If you think the club music of today has absolutely zip to say, Fabric 70 is compounding matters by barely offering you as much as a jack to obey. Mazi’s “Scene Shifter” musters a ‘just feel it’ for those feeling lost. That’s because the vibe circling is screaming volumes; gritty, hard shuffling grooves riding the Chicago expressway to Detroit and the new wave of techno, fresh out the box from the late ’80s and early ’90s.
Actually it’s not quite as old as that, despite French threesome Apollonia commendably reaching out to the back of their record bags. As they champion the upfront, the mood is of when the music had little ID —certainly without any offshoots or splinter factions — and was just recognized as what was coming out of the darkest of anti-discotheque areas.
Witihin these rules, Apollonia’s “Trinidad” bears the unmistakable bassline dive of Doug Lazy’s hip-house superpower “Let It Roll,” while the pendulously po-faced bass to Dyed’s sternly sexy remix of Daze Maxim is the essence of looking backwards to speed forwards. Little breakups of security, through glider synths on Nail’s “I’ve Been There” and the unusual occurrence of lavish strings from Funk E, are equivalent to a hit of house inhaler, with Mood II Swing’s jazzy street sway continuing concentration on core values. A mix that paints a thousand words in blue, white and red that need shouting from the rooftops.
File under: Louie Vega, Chris Carrier & Hector Moralez, Todd Terry
Master blasters dealing in funk phenomena, straight talking partiers Chris Carrier and Hector Moralez go for the dance floor with on-the-money maker bumps packing bassy stubble and deep filtered disco loops that are hard to defend against. With barely a glory-seeking or shape-holding riff in earshot, the pair’s Lotus position is purely about house beats running deep ruts into the ground while the shuffle and sharpness of hi-hats provides the incision, picking up a hitchhiker of cool, occasionally zingy funk that’s slipped in to keep tastebuds moist.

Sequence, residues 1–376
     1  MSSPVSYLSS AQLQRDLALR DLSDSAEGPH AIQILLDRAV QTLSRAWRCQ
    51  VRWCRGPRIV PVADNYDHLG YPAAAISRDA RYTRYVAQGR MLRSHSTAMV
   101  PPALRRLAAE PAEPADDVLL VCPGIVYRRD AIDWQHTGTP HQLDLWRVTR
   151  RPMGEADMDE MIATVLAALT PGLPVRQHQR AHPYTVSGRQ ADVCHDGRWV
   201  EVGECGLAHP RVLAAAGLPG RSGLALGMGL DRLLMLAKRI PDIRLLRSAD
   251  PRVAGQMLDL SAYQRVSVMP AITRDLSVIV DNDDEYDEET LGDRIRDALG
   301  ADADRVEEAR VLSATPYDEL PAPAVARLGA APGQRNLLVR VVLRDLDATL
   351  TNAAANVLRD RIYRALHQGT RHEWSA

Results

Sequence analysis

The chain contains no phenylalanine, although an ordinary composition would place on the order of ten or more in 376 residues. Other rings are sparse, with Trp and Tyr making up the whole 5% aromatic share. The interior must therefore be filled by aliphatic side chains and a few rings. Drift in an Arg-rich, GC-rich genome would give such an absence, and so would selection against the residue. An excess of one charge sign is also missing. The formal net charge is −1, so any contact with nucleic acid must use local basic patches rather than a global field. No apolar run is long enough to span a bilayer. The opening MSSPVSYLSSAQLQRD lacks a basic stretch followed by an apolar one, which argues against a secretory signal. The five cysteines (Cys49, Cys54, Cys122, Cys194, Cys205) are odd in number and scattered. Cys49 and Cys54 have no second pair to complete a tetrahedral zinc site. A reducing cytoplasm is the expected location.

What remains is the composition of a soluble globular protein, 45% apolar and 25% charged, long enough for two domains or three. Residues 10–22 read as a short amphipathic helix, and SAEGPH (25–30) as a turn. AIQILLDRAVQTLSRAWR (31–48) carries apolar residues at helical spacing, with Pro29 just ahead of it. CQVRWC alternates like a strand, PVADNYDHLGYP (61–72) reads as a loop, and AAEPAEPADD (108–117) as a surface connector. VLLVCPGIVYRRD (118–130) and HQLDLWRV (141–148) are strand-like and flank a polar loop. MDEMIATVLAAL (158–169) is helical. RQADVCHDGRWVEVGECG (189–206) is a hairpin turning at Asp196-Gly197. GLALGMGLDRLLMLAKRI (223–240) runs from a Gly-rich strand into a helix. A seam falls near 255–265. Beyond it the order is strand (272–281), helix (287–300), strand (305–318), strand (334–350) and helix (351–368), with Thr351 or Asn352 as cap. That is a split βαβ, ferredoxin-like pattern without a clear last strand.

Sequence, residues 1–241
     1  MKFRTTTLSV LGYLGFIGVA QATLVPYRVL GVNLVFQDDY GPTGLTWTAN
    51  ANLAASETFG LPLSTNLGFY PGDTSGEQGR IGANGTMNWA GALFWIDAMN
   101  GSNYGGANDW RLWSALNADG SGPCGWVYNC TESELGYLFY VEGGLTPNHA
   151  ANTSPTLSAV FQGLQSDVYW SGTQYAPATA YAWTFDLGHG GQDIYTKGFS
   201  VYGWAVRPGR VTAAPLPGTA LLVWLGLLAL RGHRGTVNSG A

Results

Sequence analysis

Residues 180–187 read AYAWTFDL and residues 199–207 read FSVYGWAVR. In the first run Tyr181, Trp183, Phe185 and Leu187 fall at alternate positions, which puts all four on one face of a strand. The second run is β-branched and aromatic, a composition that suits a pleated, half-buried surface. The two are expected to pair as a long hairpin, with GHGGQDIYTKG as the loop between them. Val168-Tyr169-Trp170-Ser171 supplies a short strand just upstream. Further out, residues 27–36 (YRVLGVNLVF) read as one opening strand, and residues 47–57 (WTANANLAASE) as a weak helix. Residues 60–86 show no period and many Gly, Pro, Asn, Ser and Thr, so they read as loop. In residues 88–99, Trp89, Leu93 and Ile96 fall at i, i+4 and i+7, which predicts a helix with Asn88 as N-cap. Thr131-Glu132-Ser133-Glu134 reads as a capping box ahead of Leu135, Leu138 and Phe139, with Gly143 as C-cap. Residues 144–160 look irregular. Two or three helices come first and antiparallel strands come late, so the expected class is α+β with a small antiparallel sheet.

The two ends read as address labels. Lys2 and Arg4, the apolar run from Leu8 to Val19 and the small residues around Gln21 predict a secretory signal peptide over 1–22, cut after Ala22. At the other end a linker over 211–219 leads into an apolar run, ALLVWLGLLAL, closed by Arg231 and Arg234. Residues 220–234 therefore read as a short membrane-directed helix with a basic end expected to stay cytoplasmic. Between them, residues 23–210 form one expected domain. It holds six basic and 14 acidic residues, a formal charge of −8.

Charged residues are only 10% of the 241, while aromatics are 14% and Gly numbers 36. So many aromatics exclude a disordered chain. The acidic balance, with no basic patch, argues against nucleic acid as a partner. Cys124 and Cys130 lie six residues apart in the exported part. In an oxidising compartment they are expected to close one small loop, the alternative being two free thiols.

Taking a little time to get into its stride – the premise is supposedly a road trip through ’90s San Francisco, so the two are obviously gassing up at the get-go – it becomes a party that you can join at any time without needing to play catch up, such is the no gimmicks, just good times and honest endeavor the duo advertise. A long in the tooth taste for an almost throwback US house sound ain’t coming off soft or bland, making it deep house not found fading, with “Disco Remodel” and “Island Breeze” kicking sand in faces with skippy disco redux.
The funk of “Phillies Titan” and “Mystery Streets” keep up the good spirits as well as slickening the attitude of B-boys playing hard-ball, and aren’t cause for any self-indulging interruption. When “Rise of the People” takes center stage, it firms Carrier and Moralez’s status as true old-school junkies showing newbies how it’s done.
File under: Ming & FS,; The Sharp Boys, Armand van Helden